Monday, July 11, 2016

The New German FRAND Case

As I mentioned last week, on the Kluwer Patent Blog Hetti Hilge recently published  a post titled German FRAND Update (available here) discussing the district court decisions to date; the January 13, 2016 decision of the Oberlandesgericht Düsseldorf (which I blogged about here); and a more recent decision that I hadn't previously come across, the May 31, 2016 judgment of the Oberlandesgericht Karlsruhe, 6 U 55/16, which agreed with the Oberlandesgericht Düsseldorf.  Now that I've had a chance to read this latest decision, I can state that I agree with Ms. Hilge that the new decision follows the Oberlandesgericht Düsseldorf.  The basic facts are as follows.  The plaintiff, owner of a FRAND-committed SEP, sued the defendant for infringement in the Mannheim District Court.  The defendant argued that the plaintiff's request for injunctive relief amounted to an abuse of dominant position under the CJEU's Huawei v. ZTE  decision.  As I have noted previously, in July 2015 the CJEU held as follows:
[60]  . . . the proprietor of an SEP which considers that that SEP is the subject of an infringement cannot, without infringing Article 102 TFEU, bring an action for a prohibitory injunction or for the recall of products against the alleged infringer without notice or prior consultation with the alleged infringer, even if the SEP has already been used by the alleged infringer.

[61]  Prior to such proceedings, it is thus for the proprietor of the SEP in question, first, to alert the alleged infringer of the infringement complained about by designating that SEP and specifying the way in which it has been infringed. . . .

[63]  Secondly, after the alleged infringer has expressed its willingness to conclude a licensing agreement on FRAND terms, it is for the proprietor of the SEP to present to that alleged infringer a specific, written offer for a licence on FRAND terms, in accordance with the undertaking given to the standardisation body, specifying, in particular, the amount of the royalty and the way in which that royalty is to be calculated. . . . 

[64]  As the Advocate General has observed in point 86 of his Opinion, where the proprietor of an SEP has given an undertaking to the standardisation body to grant licences on FRAND terms, it can be expected that it will make such an offer. Furthermore, in the absence of a public standard licensing agreement, and where licensing agreements already concluded with other competitors are not made public, the proprietor of the SEP is better placed to check whether its offer complies with the condition of non-discrimination than is the alleged infringer.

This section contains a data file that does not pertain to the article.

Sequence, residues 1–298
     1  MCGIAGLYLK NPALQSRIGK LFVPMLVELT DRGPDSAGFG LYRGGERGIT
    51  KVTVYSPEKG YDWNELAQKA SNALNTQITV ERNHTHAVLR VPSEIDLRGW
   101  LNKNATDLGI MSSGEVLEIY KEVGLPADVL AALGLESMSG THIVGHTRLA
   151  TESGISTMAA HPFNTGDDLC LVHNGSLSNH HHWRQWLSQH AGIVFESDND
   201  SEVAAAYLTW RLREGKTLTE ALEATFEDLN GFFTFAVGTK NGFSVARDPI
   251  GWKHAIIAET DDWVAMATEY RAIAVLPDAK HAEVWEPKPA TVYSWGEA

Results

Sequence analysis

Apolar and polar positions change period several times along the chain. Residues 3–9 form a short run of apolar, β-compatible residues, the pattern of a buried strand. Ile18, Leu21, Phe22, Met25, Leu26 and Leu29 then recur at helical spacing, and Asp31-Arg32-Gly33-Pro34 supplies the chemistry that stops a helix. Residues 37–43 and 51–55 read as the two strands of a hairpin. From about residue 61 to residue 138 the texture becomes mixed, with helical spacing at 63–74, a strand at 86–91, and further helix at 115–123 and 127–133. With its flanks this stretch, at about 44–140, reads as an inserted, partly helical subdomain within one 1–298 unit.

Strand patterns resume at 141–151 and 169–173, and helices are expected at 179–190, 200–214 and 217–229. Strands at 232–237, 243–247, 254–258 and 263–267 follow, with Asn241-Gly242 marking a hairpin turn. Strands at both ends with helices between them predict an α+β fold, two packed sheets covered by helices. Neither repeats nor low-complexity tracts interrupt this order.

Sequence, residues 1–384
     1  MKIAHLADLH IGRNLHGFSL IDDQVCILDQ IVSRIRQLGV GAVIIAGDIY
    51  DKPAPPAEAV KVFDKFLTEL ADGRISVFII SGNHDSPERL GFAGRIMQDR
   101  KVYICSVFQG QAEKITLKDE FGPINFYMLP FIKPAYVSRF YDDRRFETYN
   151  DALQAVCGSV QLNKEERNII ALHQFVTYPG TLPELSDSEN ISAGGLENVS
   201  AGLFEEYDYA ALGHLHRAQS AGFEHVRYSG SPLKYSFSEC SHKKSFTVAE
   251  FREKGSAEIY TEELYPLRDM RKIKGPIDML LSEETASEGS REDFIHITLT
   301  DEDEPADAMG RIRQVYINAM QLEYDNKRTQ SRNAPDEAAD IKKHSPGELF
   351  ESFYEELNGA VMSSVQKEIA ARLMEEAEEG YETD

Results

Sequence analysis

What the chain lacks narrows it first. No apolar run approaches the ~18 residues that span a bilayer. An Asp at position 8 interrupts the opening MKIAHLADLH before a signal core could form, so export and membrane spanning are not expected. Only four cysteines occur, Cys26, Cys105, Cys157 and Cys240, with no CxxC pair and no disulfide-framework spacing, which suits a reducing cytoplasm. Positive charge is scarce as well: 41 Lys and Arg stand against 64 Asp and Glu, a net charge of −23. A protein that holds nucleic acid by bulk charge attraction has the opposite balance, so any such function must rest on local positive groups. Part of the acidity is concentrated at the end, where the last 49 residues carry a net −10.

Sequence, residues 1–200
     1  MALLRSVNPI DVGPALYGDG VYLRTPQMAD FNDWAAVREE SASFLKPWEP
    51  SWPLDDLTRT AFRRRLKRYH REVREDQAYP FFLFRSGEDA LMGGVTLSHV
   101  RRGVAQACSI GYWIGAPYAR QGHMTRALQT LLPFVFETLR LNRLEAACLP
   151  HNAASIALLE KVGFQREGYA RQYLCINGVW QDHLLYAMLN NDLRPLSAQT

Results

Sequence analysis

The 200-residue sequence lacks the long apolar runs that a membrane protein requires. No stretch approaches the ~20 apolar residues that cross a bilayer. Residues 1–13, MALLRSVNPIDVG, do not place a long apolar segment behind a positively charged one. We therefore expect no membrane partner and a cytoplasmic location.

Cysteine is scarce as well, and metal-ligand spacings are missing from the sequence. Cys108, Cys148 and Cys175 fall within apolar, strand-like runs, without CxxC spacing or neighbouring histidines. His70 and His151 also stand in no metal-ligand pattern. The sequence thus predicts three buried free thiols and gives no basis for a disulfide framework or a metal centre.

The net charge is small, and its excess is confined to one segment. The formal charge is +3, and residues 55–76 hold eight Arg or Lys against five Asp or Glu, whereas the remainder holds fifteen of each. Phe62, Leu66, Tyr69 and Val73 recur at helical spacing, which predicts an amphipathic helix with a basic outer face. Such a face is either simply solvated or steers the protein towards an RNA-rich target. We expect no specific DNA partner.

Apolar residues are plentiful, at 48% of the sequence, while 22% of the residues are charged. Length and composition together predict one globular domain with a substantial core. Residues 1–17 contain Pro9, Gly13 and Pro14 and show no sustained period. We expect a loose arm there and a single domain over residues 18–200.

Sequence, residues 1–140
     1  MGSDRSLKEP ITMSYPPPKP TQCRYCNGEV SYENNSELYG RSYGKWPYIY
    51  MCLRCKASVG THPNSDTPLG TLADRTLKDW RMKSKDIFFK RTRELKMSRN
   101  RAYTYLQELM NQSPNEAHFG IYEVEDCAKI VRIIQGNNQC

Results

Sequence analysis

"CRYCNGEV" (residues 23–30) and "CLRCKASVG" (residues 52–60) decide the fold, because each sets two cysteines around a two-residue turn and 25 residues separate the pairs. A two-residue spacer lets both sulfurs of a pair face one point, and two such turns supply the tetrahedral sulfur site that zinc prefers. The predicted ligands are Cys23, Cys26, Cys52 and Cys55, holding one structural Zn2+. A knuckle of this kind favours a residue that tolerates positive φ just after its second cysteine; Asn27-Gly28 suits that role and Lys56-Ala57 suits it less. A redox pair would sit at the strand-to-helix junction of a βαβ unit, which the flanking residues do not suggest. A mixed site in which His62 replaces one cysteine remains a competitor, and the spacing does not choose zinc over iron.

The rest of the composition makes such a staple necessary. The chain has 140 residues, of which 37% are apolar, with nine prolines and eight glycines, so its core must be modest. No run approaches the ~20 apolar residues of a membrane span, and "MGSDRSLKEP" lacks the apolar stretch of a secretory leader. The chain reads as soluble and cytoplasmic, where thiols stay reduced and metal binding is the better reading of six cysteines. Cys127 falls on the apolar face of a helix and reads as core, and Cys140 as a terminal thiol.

[65]  . . . [I]t is for the alleged infringer diligently to respond to that offer, in accordance with recognised commercial practices in the field and in good faith, a point which must be established on the basis of objective factors and which implies, in particular, that there are no delaying tactics.

[66]  Should the alleged infringer not accept the offer made to it, it may rely on the abusive nature of an action for a prohibitory injunction or for the recall of products only if it has submitted to the proprietor of the SEP in question, promptly and in writing, a specific counter-offer that corresponds to FRAND terms.

[67]  Furthermore, where the alleged infringer is using the teachings of the SEP before a licensing agreement has been concluded, it is for that alleged infringer, from the point at which its counter-offer is rejected, to provide appropriate security, in accordance with recognised commercial practices in the field, for example by providing a bank guarantee or by placing the amounts necessary on deposit. The calculation of that security must include, inter alia, the number of the past acts of use of the SEP, and the alleged infringer must be able to render an account in respect of those acts of use.

[68]  In addition, where no agreement is reached on the details of the FRAND terms following the counter-offer by the alleged infringer, the parties may, by common agreement, request that the amount of the royalty be determined by an independent third party, by decision without delay.
As in the case before the Oberlandesgericht Düsseldorf earlier this year, the question presented in the new case was whether the district court must ascertain whether, under Huawei v. ZTE, the plaintiff's offer was FRAND or whether instead the competition-law defense is inapplicable when the defendant does not fulfill its responsibility of responding to the plaintiff's offer in a timely fashion, etc.  As in the Düsseldorf matter, the appellate court here (reversing the district court) holds that the district court must first determine whether the plaintiff's offer was FRAND.  Here, the district court didn't do so, stating only that the competition law defense is not available unless it appears on summary examination that the offer was evidently non-FRAND (and that the offer doesn't have to be exactly FRAND, but perhaps can be a bit above).  That isn't good enough, according to the appellate court, even though determining a FRAND rate can be tough; and so the matter now returns to Mannheim for further proceedings. The one bright spot for SEP owners is that the German courts are not strictly requiring that the FRAND offer be made prior to initiating litigation, at least for cases that were filed prior to Huawei v. ZTE.

For further discussion of the German FRAND decisions to date on this blog, see, e.g., here.

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